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Volume weighting the measure of the universe from classical slow-roll expansion

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Article number104030
<mark>Journal publication date</mark>15/05/2016
<mark>Journal</mark>Physical Review D
Issue number10
Number of pages6
Publication StatusPublished
<mark>Original language</mark>English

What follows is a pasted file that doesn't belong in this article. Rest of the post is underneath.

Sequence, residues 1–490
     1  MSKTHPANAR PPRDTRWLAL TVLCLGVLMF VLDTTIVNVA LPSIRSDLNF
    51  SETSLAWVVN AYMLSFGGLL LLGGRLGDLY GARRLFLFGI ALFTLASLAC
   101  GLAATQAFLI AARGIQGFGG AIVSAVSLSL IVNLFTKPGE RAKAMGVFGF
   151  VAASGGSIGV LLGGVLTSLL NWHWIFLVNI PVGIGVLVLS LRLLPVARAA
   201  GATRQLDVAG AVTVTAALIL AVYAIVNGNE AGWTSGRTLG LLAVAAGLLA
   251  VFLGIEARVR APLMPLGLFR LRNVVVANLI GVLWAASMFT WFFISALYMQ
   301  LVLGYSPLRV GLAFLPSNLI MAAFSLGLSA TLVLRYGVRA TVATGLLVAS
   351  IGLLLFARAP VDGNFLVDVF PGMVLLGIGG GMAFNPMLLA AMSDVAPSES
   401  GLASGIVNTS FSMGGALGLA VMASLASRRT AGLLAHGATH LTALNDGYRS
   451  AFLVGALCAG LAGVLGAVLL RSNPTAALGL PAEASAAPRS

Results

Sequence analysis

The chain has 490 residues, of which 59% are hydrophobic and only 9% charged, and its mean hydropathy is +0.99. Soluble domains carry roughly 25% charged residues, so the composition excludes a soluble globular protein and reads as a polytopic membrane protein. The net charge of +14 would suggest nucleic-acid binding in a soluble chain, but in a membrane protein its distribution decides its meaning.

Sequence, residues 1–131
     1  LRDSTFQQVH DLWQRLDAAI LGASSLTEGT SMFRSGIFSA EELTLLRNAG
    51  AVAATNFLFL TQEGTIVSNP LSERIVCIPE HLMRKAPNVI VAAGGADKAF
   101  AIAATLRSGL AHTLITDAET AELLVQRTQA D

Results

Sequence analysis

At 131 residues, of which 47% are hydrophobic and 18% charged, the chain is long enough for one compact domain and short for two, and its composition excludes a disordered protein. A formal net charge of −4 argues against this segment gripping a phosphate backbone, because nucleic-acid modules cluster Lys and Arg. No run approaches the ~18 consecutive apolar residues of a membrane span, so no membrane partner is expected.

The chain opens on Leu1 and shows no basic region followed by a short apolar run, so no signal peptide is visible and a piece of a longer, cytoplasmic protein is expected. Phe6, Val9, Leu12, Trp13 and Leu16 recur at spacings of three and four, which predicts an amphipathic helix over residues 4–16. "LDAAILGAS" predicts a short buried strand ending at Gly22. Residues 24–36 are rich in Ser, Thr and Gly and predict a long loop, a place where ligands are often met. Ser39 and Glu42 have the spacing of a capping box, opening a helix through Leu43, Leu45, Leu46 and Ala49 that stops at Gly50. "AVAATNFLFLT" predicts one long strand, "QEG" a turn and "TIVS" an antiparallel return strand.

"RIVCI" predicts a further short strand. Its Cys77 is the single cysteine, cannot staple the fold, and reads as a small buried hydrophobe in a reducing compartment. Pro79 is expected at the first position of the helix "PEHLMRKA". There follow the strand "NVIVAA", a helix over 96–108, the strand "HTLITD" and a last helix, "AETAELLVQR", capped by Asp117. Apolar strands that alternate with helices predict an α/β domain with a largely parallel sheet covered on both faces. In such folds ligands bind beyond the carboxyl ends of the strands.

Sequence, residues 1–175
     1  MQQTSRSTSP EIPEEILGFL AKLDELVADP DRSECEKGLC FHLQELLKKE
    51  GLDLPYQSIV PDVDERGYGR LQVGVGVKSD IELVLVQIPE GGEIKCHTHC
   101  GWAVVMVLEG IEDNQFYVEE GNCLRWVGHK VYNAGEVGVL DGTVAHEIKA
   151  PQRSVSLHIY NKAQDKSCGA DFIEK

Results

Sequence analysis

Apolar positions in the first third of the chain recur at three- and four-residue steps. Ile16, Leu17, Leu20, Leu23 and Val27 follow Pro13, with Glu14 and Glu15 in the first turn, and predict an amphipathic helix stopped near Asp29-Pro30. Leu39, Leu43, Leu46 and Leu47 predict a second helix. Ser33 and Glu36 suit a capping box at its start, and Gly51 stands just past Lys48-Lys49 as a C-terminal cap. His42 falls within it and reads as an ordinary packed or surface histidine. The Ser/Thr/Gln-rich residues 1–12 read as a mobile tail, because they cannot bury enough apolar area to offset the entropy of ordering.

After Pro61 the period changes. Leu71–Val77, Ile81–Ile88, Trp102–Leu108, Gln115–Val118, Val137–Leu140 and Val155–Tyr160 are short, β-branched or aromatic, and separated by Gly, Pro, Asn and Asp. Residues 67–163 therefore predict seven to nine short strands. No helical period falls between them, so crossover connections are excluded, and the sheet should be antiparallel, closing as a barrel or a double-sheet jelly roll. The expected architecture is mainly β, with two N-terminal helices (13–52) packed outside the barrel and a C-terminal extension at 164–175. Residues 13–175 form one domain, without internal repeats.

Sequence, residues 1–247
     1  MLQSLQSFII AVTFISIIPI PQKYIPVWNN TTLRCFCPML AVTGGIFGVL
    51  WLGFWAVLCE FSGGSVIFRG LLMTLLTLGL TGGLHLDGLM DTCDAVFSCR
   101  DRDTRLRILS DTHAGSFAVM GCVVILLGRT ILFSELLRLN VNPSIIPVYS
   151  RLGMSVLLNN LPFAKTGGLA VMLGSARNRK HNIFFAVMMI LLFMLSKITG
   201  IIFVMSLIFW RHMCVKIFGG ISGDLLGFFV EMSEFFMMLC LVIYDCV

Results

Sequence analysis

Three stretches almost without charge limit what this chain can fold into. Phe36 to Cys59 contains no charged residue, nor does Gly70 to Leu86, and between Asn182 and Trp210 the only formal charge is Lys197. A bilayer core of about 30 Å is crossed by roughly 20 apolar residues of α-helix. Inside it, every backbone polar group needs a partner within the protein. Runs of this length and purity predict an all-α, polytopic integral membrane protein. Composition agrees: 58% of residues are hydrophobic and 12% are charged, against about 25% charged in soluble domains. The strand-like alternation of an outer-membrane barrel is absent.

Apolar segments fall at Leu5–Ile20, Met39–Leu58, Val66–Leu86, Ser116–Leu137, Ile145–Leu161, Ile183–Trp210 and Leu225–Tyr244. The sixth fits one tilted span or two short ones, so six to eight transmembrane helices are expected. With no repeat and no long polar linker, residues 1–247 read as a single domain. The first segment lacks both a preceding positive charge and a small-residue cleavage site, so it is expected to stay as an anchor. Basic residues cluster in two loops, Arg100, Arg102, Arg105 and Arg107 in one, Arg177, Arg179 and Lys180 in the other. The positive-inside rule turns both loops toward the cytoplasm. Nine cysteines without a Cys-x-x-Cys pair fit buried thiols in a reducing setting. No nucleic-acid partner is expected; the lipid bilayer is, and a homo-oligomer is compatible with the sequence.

One of the most frustrating issues in early universe cosmology centers on how to reconcile the vast choice of universes in string theory and in its most plausible high energy sibling, eternal inflation, which jointly generate the string landscape with the fine-tuned and hence relatively small number of universes that have undergone a large expansion and can accommodate observers and, in particular, galaxies. We show that such observations are highly favored for any system whereby physical parameters are distributed at a high energy scale, due to the conservation of the Liouville measure and the gauge nature of volume, asymptotically approaching a period of large isotropic expansion characterized by w = −1. Our interpretation predicts that all observational probes for deviations from w = −1 in the foreseeable future are doomed to failure. The purpose of this paper is not to introduce a new measure for the multiverse, but rather to show how what is perhaps the most natural and well-known measure, volume weighting, arises as a consequence of the conservation of the Liouville measure on phase space during the classical slow-roll expansion.